In the last 20 months, we had 7 deaths in our lives. First was my biological mother (someone who never could give me what I needed) whose life was cut short due to cancer at a young age of 50 something. Then was our best friend Tazmin (Kelly's Comrade who lived an awesome, full life). My 100 year-old Grandmother, who I am still learning about to this day, died peacefully. Tragically, the man who visited my Grandmother two times a day during meal time and was just about to retire at age 65 perished in an automobile accident that left everyone asking "how" and "why." My father and I were back to having a good relationship and because of his death, I've learned more about how wonderful he truly was. And he absolutely adored Stella! Next was Kelly's favorite aunt, her father's favorite sister and one of ten siblings. We had just visited her in Boston three months prior and had no idea that her life would be taken so quickly. Kelly's friend and client died next of a sudden death. And then Eric, my cousin, tragically took his own life. He was a victim of a disease called depression. He left his wife and two young children. I know that he must have been in hell in his mind.
Anyway, I just wanted to tell everyone that these deaths have made me truly realize, to my core, that my life is wonderful, but short. Now I wake up excited to live each day like it will be my last. No regrets! I am at peace with who I am and I no longer feel angry with anyone. I’ve never felt more at peace with other people, the world and myself.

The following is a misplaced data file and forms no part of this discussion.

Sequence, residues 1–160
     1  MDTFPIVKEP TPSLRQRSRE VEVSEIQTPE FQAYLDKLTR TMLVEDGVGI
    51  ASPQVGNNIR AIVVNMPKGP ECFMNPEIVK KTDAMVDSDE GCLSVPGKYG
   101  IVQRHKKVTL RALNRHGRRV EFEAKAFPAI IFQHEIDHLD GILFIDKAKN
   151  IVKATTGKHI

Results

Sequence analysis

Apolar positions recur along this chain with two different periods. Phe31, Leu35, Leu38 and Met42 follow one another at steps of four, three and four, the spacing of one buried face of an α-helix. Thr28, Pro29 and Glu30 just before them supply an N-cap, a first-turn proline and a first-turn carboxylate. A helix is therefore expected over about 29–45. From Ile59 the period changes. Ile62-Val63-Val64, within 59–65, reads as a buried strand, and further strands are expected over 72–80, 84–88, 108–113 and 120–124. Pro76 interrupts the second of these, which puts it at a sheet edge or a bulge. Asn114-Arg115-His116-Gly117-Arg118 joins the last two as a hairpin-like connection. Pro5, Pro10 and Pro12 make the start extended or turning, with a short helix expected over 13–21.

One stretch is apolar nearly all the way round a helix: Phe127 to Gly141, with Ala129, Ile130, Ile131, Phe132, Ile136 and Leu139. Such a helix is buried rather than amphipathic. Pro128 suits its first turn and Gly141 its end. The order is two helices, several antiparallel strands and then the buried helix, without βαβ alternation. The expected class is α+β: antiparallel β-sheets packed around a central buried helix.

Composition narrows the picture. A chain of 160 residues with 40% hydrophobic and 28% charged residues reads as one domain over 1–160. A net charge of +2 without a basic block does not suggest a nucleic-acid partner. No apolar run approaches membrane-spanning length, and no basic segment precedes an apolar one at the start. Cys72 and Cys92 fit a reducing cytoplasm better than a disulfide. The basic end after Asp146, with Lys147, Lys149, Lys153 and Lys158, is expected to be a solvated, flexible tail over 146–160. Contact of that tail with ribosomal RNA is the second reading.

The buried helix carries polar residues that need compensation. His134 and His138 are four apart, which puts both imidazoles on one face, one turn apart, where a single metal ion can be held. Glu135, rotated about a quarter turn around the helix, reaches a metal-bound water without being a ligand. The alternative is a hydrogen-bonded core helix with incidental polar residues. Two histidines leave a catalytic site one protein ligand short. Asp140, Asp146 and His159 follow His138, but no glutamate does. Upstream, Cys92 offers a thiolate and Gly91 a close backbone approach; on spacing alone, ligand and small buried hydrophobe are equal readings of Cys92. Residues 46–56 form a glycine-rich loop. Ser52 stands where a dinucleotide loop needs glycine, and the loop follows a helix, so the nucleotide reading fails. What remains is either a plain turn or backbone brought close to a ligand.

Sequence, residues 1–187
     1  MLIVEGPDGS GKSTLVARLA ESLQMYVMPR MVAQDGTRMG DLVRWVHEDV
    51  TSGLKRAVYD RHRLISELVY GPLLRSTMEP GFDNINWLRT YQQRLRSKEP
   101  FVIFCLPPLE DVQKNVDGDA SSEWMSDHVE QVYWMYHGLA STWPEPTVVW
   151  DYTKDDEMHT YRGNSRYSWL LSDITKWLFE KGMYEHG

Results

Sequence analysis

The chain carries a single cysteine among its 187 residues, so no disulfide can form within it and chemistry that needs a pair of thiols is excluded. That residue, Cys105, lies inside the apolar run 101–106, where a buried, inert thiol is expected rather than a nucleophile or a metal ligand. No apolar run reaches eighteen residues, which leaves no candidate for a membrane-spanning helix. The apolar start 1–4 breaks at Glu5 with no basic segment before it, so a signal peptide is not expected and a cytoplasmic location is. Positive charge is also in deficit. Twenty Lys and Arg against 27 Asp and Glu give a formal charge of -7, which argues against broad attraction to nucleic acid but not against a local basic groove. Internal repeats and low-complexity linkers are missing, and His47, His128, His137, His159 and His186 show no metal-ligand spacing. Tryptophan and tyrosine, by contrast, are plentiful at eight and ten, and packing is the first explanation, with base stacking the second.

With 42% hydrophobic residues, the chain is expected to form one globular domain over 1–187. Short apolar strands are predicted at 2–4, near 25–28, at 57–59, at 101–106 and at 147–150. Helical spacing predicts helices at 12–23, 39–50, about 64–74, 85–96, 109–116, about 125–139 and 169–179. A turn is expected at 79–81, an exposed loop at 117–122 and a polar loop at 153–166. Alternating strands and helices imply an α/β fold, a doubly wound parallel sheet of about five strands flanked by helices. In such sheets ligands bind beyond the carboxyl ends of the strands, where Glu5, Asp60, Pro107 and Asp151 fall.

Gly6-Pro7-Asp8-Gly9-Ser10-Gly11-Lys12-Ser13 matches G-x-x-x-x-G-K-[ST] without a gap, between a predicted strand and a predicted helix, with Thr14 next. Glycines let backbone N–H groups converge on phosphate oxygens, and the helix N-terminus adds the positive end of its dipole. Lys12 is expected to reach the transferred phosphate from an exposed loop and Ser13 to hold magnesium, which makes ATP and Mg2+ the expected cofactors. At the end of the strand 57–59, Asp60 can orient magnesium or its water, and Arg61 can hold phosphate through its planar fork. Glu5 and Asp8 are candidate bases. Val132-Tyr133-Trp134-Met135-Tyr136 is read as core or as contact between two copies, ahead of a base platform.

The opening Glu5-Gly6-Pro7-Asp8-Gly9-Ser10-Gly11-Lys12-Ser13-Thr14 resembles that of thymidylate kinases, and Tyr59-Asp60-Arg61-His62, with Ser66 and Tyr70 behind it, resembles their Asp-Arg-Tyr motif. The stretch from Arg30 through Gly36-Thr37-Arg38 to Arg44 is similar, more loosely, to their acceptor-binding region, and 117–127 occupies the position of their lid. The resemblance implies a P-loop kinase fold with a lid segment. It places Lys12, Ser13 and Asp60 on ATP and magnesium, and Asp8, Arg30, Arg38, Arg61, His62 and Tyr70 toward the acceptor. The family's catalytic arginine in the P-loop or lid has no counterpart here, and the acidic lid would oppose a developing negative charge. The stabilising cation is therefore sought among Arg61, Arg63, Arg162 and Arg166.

So here is a little Shaker poem to think about ...
Improve each Moment
Improve each moment as it flies,
Now in this blessed day;
So run that we may win the prize,
There's danger in delay
This day, this hour may be the last,
For death is sure to all,
And not a single minute past,
Can any soul recall.
O Lord, may every breath be drawn
In prayer, in thanks or praise,
That I may say, when time is gone,
I've well impro'd my days.
-Millennial Praises, Containing a Collection of Gospel Hymns